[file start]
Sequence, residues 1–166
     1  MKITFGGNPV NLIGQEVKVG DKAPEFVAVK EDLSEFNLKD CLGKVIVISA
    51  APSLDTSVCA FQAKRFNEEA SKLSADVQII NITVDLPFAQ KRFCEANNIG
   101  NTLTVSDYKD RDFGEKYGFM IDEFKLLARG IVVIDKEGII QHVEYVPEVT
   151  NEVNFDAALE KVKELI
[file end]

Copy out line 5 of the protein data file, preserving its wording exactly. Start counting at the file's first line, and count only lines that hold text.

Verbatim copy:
   151  NEVNFDAALE KVKELI